The Shining Example of the Little Sisters of the Poor

By Kathryn Jean Lopez Published on May 7, 2017

There’s something about politics, and maybe the Trump administration in particular, that makes me think of original sin. Sometimes, even when there’s something good happening, it’s not entirely right. I thought of that not for the first time as I watched the president invite the Little Sisters of the Poor up to his Rose Garden podium on the annual National Day of Prayer to be applauded. It was a perplexing and frustrating day, as are most days when one pays attention to politics.

But I’ll give President Trump credit for this: Unlike others, he did not pretend that the Little Sisters’ religious-liberty “ordeal” unnecessarily prompted by the Obama administration was yet over with the stroke of his pen. He indicated that it may soon be. In truth, his executive order didn’t change anything for them, though it and his words at the White House on religious liberty were a change of tone for the executive office; in the previous administration, the president and his Cabinet saw religious freedom as a restrictive thing, something to be curtailed if the believers were deemed archaic or worse in some of their matters of faith and tradition.

The Little Sisters of the Poor are women who know the power of sacrifice and the importance of making sure that every person knows he or she is loved.

The previous administration’s attitude went almost entirely unnoticed by the media for years. The bewildering sight of an administration telling the Little Sisters — who have dedicated their lives to God and to serving the elderly poor — to provide insurance coverage that covers contraception and abortion-drugs to their staff, went unnoticed by many Americans.

Peacemakers Carrying for the Least Among Us

The sisters are women who know the power of sacrifice and the importance of making sure that every person knows he or she is loved. Many people feel cut off from love, even unworthy of it, and that void is inhumane, leading to so much hate and conflict. Individuals and communities who insist on changing this make all the difference.

On his recent visit to Egypt, Pope Francis said: “The greatness of any nation is revealed in its effective care of society’s most vulnerable members — women, children, the elderly, the sick, the disabled and minorities — lest any person or social group be excluded or marginalized.” And he made clear that religion is never about hatred and violence — that is a perversion and blasphemy.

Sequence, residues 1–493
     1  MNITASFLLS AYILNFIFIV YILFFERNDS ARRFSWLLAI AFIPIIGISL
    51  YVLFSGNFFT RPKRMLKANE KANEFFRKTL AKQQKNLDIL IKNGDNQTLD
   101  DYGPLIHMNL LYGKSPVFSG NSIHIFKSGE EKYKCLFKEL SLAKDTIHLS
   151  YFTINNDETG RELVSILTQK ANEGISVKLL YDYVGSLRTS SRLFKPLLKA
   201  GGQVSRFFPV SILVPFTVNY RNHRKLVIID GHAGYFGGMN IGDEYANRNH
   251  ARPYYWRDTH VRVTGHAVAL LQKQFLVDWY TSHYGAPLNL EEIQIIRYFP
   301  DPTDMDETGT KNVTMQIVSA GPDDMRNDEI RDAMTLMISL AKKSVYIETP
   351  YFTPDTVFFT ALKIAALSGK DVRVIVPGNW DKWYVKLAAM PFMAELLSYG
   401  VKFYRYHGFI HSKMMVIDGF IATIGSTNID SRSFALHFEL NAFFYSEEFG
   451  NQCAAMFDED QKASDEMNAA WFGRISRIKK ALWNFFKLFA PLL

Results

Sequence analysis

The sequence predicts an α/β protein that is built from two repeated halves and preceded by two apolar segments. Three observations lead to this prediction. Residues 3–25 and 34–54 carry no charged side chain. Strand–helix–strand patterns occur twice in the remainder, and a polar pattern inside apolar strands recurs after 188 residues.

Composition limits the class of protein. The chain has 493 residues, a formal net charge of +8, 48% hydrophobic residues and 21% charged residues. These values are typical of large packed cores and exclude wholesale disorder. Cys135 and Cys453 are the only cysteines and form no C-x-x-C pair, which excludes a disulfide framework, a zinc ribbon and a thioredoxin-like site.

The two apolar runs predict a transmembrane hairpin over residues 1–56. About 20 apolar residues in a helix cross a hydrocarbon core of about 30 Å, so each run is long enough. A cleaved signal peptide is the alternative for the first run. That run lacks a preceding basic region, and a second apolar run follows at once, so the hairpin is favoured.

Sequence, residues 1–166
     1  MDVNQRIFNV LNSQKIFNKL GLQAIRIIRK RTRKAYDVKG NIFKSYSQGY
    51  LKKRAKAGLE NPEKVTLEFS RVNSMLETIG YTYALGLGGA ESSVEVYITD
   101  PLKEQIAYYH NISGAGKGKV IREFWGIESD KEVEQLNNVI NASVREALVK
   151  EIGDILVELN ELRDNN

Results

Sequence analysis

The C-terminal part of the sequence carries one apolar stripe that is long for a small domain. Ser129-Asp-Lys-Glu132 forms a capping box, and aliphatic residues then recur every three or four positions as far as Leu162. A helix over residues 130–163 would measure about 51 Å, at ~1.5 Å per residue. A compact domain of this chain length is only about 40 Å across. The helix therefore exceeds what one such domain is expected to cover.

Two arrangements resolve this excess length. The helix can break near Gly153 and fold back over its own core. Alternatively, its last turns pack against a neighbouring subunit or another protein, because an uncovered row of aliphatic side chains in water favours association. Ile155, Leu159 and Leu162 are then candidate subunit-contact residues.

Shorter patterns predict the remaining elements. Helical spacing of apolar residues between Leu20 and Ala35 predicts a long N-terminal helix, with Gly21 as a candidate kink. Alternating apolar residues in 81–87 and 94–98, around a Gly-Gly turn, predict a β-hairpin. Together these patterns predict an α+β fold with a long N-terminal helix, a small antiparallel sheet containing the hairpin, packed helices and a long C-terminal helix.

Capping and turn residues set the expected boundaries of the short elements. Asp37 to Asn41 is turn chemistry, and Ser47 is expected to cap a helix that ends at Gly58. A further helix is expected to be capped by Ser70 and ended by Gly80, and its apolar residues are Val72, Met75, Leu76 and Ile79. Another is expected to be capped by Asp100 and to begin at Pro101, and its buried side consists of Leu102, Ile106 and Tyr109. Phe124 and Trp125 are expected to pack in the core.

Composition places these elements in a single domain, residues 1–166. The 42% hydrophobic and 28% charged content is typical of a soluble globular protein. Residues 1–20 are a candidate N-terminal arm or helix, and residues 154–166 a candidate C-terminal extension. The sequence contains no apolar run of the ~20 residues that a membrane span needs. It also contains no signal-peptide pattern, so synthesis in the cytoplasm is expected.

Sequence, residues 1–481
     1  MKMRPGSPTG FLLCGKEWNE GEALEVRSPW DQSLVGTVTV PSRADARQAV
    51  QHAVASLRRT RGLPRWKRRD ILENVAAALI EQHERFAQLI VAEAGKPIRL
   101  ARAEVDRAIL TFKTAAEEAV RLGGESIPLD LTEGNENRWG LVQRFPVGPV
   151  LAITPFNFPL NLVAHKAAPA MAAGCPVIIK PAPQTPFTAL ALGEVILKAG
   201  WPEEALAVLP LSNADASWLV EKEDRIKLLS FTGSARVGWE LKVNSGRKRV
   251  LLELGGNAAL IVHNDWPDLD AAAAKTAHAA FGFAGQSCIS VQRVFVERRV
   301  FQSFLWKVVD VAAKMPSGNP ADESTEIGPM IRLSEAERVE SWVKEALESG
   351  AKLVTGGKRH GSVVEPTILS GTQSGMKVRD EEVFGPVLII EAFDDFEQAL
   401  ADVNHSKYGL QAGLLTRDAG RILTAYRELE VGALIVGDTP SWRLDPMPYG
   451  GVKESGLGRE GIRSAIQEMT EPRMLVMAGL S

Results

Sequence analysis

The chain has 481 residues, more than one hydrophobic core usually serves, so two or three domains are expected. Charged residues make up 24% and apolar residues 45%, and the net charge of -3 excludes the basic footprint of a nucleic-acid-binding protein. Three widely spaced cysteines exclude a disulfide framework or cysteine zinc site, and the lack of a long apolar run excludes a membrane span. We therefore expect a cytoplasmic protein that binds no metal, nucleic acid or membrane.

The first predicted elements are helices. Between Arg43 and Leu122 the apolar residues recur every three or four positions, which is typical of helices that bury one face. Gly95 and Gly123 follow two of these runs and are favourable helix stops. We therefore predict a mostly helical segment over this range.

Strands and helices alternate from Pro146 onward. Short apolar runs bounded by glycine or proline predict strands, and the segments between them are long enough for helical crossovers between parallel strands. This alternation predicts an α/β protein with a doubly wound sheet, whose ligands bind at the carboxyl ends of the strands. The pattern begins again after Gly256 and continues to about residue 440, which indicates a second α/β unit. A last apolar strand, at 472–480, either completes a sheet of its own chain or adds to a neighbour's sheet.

Pope Francis also said in the same address to government officials and diplomats in Cairo: “History … honors men and women of peace, who courageously and non-violently strive to build a better world: ‘Blessed are the peacemakers, for they will be called children of God.'”

The Little Sisters are the peacemakers, and by celebrating them, we celebrate the kind of love we want for ourselves and the people dear to us. Can we desire that for our enemies, too? For those we never give thought to? That’s how we can begin to revolutionize the world.

The Little Sisters don’t ask you to do what they do or believe what they believe, but when you see the brilliant light radiating from their hearts and deeds, you will want what they have. It’s something greater than the anger and turmoil that currently suffuses our society.

So, I’m grateful the president called the sisters up to the podium in the Rose Garden. Now, I pray that his administration will actually restore freedom from the unnecessary regulations that hamper their good works and the efforts of similar religious organizations. And I pray that we begin to celebrate and practice the kind of love that restores not only human hearts and souls, but the health of a people.

It is said that God works with all things— even with bewilderingly unnecessary legal fights. So, thank you, Barack Obama. And thank you, Donald Trump. You both wound up getting us thinking about the Little Sisters. And that makes us better, especially as things aren’t quite right.


Kathryn Jean Lopez is senior fellow at the National Review Institute, editor-at-large of National Review Online and founding director of Catholic Voices USA. She can be contacted at [email protected]

COPYRIGHT 2017 United Feature Syndicate

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